Linked by Thom Holwerda on Sun 22nd Jul 2007 00:33 UTC, submitted by liquidat
Linux Linus Torvalds included patches into the mainline tree which implement a stable userspace driver API into the Linux kernel. The stable driver API was already announced a year ago by Greg Kroah-Hartman. Now the last patches were uploaded and the API was included in Linus' tree. The idea of the API is to make life easier for driver developers: "This interface allows the ability to write the majority of a driver in userspace with only a very small shell of a driver in the kernel itself. It uses a char device and sysfs to interact with a userspace process to process interrupts and control memory accesses."
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RE[3]: I wonder...
by kaiwai on Sun 22nd Jul 2007 02:42 UTC in reply to "RE[2]: I wonder..."
kaiwai
Member since:
2005-07-06

You seem to left out an important verb. They seem to what the cardinal rule? ^^;


Design, design, design, document, document, document - rinse and repeat until you're confident enough that the design is robust enough to be forwards compatible and allow future development without needing to continuously throw out old code because the original design was flawed.

Reply Parent Score: 5

RE[4]: I wonder...
by bnolsen on Sun 22nd Jul 2007 02:59 in reply to "RE[3]: I wonder..."
bnolsen Member since:
2006-01-06

Umm...that mentality has big problems....nothing gets produced or an over engineered POS is designed.

Tere's always compromises to be made.

And there's a lot to be said about getting something out there that people can chew on and give you feedback on instead of just sitting around a table talking.

Reply Parent Score: 4

RE[5]: I wonder...
by kaiwai on Sun 22nd Jul 2007 04:36 in reply to "RE[4]: I wonder..."
kaiwai Member since:
2005-07-06

Umm...that mentality has big problems....nothing gets produced or an over engineered POS is designed.

There's always compromises to be made.

And there's a lot to be said about getting something out there that people can chew on and give you feedback on instead of just sitting around a table talking.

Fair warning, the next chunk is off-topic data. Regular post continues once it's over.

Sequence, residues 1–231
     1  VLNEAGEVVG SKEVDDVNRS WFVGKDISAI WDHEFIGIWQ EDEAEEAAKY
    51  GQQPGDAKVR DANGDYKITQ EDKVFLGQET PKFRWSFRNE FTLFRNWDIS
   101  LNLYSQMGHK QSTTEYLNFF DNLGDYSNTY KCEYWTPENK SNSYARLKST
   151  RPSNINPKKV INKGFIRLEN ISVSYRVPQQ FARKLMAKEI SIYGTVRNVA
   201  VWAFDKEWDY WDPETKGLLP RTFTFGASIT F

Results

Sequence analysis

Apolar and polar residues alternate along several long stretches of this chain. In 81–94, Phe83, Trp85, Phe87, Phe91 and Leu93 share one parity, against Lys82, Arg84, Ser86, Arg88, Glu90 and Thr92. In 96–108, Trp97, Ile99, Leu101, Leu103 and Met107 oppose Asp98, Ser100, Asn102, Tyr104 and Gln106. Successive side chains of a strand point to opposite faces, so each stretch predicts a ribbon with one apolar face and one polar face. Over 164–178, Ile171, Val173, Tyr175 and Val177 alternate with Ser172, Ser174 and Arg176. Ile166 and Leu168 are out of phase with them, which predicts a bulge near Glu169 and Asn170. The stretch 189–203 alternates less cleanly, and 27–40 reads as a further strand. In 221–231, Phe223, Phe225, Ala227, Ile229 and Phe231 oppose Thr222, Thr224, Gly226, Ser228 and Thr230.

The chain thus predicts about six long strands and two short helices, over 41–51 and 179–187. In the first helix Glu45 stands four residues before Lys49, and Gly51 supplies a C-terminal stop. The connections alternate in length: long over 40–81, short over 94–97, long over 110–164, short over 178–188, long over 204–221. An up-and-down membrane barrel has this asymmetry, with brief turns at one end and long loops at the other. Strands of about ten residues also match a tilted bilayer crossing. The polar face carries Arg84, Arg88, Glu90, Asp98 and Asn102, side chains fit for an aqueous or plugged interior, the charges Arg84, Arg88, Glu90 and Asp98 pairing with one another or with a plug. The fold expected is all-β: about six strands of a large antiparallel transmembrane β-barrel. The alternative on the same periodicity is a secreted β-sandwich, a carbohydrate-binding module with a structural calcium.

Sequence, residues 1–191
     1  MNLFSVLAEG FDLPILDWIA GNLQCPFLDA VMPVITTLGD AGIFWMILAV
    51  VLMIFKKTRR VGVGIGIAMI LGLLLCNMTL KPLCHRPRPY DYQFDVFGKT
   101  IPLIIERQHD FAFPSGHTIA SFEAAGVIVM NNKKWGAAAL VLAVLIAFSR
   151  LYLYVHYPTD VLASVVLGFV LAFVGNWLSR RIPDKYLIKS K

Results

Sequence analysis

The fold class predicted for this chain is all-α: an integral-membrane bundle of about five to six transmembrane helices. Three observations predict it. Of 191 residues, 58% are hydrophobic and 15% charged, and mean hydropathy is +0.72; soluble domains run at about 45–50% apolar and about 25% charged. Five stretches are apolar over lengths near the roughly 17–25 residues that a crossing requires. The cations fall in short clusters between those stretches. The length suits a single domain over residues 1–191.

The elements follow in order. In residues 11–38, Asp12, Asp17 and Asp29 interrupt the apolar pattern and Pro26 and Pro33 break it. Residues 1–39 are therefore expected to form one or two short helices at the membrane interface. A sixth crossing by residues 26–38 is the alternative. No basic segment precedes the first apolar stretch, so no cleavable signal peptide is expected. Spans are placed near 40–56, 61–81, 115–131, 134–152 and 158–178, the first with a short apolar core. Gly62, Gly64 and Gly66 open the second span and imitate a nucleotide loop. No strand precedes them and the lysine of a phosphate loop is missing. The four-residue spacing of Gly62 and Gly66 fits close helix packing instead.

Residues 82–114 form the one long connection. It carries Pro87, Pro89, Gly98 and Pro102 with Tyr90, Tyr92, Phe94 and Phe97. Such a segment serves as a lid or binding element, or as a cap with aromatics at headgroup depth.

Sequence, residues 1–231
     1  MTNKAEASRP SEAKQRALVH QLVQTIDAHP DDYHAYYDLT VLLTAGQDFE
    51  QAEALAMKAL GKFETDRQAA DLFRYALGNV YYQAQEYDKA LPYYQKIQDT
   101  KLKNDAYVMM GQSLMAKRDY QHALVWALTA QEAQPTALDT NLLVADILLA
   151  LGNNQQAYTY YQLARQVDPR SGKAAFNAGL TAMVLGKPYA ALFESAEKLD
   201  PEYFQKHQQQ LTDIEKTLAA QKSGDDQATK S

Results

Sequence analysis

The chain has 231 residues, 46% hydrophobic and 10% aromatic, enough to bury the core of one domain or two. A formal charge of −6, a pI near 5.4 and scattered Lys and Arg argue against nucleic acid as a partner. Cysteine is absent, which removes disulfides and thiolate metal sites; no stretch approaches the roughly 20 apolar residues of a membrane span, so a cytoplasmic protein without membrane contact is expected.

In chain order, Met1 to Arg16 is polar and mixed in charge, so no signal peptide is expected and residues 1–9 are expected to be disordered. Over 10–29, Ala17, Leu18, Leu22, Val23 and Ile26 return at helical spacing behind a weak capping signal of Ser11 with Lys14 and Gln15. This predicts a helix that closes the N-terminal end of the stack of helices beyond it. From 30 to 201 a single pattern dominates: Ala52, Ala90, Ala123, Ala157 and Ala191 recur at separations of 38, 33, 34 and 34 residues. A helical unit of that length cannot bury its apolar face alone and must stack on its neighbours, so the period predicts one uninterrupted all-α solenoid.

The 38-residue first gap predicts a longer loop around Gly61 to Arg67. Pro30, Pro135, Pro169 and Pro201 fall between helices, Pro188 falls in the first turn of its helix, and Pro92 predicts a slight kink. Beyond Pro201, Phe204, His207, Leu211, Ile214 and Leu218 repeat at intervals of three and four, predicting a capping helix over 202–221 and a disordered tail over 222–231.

Oh, come on. The above is the equivalent of invading Iraq and failing to do the research before hand - now look what has happened.

Same thing if you don't investigate, document and design - you end up with a giant cluster f--k that becomes so hacked, so badly managed you're forced to chuck out the whole thing and replace it - thus costing money, thus very inefficient.

If things are properly documented, properly designed, they can be maintained for the long term rather than the short term gratification of the programmer in question.

If Linux developers and users want to get it as a viable desktop operating system, the above approach is completely ridiculous; simply throwing things out every couple of months or years because someone didn't do their homework.

Write a program, and do it right the first time.

Reply Parent Score: 5

RE[4]: I wonder...
by Dima on Sun 22nd Jul 2007 07:29 in reply to "RE[3]: I wonder..."
Dima Member since:
2006-04-06

Design, design, design, document, document, document

Developers, developers, developers!

Reply Parent Score: 5

RE[4]: I wonder...
by vegai on Sun 22nd Jul 2007 12:31 in reply to "RE[3]: I wonder..."
vegai Member since:
2005-12-25

Perhaps you are forgetting that this is not an ordinary company project. They can actually afford to throw out old code, and throwing out old code is sometimes a very good idea.

Reply Parent Score: 2

RE[4]: I wonder...
by stestagg on Sun 22nd Jul 2007 15:26 in reply to "RE[3]: I wonder..."
stestagg Member since:
2006-06-03

That's kinda what is happening. We're in one of your design phases at the moment (I'm not sure that we'll ever get to the document stage properly), and the public (that's you) is being invited to contribute to the design, redesign process. The point about community projects, is that processes that usually happen behind closed doors, happen in public. This helps prevent situations where software releases take 7 years, and still need lots of trivial problems to be ironed out upon release.

Reply Parent Score: 2